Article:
Ravaging Times

March 3, 2009

help me proof the translation

Filed under: Uncategorized — merc @ 9:47 am

Feel free to pick out errors in the English! Or suggest better wording! Some “mistakes” might be intentional, but I’m really a mediocre writer. Thanks! (don’t have to register to leave a comment here)

June 18, 2015

chapter 442 (magazine syndication, not final)

Filed under: Ravages of Time — merc @ 6:51 am

[?]: Instead of awaiting the changes of a season, why not respond and exploit it…
(quoting from “Xun-zi”, chapter 17 on Heaven/Nature, thanks to reader comment)

[?]: regulate what Heavens have mandated and use it.
(quoting from “Xun-zi”, chapter 17 on Heaven/Nature, thanks to reader comment)

[?]: No amount of military might could stand up to it…

chapter 442 A Hard-call Between Loyalty And Righteousness

[Kan Ze]: The Heavens want to end you, Cao Cao.

[Eighth]: Do you mean to say, Master Kan, that the Way is immutable like the Heavens?
(quoting from “Book of Han, volume 56: Biography of Dong Zhongshu”, but I can’t find an official translation that I like)

[KZ]: It moved me, yes. Though why do the Heavens favor Liu Bei?

[Eighth]: Haha, those who resent Heavens do not learn from experience. Gong Jin just wasn’t as skilled.
(quoting from “Xun-zi”, chapter 4 on Honor and Disgrace, thanks to reader comment)

[?]: It’s clearing up, Eighth Master. We can go now.
(“weather is nicer…”)

[Eighth]: Good. Detour to Jiangling.

[KZ]: You all can go spectate. I haven’t the mood.
[Water Mirror]: Why withdraw before the fight’s over, Kan Ze?

[WM]: Have you no faith in Gong Jin?
(“unless for gong jin confidence not enough”)

[KZ]: No, Gong Jin’s extraordinary art of war will earn him a victory. Except now at Jiangling he and Jia Xu…

[KZ]: are at a standstill. Even if he wins, he will have been a victim of Kong Ming’s diminution tactic.

[KZ]: Capturing Cao Cao and reducing our military strength. Two birds with one stone.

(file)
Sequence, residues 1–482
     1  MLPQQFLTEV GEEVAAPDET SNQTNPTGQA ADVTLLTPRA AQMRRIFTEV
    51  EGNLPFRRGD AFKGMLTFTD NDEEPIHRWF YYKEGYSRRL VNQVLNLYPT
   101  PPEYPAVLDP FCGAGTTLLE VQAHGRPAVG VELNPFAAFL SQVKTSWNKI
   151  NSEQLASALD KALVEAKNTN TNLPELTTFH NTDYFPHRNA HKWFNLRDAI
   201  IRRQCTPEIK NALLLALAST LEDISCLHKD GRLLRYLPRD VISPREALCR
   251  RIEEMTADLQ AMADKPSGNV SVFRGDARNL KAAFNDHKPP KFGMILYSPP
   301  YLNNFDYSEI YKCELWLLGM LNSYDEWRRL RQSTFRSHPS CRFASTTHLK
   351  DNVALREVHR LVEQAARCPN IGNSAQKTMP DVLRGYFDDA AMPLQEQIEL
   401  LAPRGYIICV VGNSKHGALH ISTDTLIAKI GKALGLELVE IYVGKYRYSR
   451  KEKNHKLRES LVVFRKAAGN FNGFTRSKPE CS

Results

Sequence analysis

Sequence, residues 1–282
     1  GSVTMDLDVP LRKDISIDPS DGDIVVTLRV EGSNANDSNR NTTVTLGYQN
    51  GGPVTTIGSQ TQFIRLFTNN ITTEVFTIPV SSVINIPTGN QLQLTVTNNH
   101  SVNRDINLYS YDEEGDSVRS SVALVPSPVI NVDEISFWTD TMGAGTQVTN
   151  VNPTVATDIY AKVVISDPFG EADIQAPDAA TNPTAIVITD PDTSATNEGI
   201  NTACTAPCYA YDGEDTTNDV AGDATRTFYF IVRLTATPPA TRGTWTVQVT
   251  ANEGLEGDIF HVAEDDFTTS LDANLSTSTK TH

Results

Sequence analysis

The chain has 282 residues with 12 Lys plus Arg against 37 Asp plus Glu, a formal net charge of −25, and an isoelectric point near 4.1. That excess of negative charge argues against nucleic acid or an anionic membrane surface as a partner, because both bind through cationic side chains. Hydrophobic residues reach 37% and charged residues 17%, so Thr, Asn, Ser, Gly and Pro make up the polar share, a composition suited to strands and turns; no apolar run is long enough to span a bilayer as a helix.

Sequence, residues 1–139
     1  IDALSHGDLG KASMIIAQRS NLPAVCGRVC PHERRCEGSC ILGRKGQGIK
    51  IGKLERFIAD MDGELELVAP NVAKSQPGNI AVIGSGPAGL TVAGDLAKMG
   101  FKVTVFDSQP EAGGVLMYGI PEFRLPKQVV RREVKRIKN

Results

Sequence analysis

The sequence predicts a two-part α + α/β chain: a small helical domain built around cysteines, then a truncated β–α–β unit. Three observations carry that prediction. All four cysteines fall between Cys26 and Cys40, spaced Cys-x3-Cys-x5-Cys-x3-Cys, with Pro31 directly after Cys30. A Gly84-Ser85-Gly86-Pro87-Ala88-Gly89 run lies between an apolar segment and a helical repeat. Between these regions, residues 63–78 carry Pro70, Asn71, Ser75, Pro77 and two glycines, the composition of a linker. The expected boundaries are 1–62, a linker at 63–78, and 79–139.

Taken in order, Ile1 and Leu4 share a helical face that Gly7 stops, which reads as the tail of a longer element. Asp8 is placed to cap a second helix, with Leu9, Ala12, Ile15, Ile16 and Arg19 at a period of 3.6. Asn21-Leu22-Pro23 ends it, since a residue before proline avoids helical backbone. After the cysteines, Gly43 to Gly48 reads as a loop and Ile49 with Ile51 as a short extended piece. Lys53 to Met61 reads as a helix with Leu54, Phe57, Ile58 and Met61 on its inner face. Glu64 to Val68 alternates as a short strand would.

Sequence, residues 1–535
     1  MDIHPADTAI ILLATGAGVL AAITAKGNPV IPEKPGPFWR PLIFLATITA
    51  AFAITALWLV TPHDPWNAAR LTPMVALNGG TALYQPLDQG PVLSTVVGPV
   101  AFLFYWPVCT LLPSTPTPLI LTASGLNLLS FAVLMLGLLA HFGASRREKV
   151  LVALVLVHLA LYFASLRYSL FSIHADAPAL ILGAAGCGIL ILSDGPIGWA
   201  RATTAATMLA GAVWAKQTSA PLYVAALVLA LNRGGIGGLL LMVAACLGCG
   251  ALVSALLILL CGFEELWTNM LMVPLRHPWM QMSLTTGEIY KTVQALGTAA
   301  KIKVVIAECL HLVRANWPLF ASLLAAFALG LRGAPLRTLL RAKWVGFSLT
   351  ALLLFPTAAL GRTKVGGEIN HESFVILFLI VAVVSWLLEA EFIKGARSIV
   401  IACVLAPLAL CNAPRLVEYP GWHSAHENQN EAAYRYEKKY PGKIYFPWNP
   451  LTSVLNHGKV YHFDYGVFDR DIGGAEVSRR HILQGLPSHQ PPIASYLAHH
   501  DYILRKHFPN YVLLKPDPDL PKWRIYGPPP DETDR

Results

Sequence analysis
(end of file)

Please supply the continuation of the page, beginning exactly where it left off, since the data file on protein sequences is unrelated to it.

[KZ]: This battle made a name for Zhou Yu. Yet the real victor behind the scene is Kong Ming.
(“…golden oriole from behind…”)

[KZ]: The big picture is set. I rather not watch Gong Jin keep falling.
(“…keep watching gong jin mistakes on-going”)

[WM]: Oh Kan Ze, would a teacher of the Eight Geniuses not know their capabilities?

[WM]: One thing about Gong Jin- his tolerance is second to none among them.

[WM]: Attacking Jiangling was not a spiteful decision.

[WM]: Don’t forget that Guo Jia was wary of him too.
(rephrased)

[WM]: There’s something else at work behind this detour.

[WM]: Oh Kan Ze, I’m only now discovering how intricate…

[WM]: this battle really is.

[?]: We’ve taken the hills!
[?]: Cao Cao’s troops have all surrendered!

[?]: There was another group trapped in the hills who shouldn’t pose a threat!

[?]: Their defenders are too exhausted to fight back.

[?]: Search through the corpses. Don’t let any fish slip away!
(“…caution against [fish escaping out of] broken net”)

[?]: The enemy vanguards have all been captured!

[?]: Haha, we caught the big ones!
(wordplay regarding “letting no fish escape the nets” and the high-ranking prisoner being “big fishes”)

[Cheng Yu]: Huh… You fell too, Cao Hong…

[Cao Hong]: Cheng Yu… you’re not better off either.

[CH]: But at least we’re done. It’s all over…
[CH]: We can die now.

[CY]: Yes. No coward would’ve held on this long.

[CH]: Yes. Our Lord should’ve already died a martyr.

[?]: Days after days of grind…

[?]: The rest of the clansmen should know what to do for the heir…

[CY]: Cao Hong. Something looks off.

[CY]: Our Lord might still be alive.

[CH]: Wh… what!

[?]: Quiet! Don’t move!

Have you lost your mind, Ah-Man?

Are you going to give up your life’s goal so you can live!?

[?]: Congratulations to your victory, Advisor!
[?]: Mister Zhuge, Eighth Genius the Crouching Dragon indeed!

[?]: We are blessed to serve under you!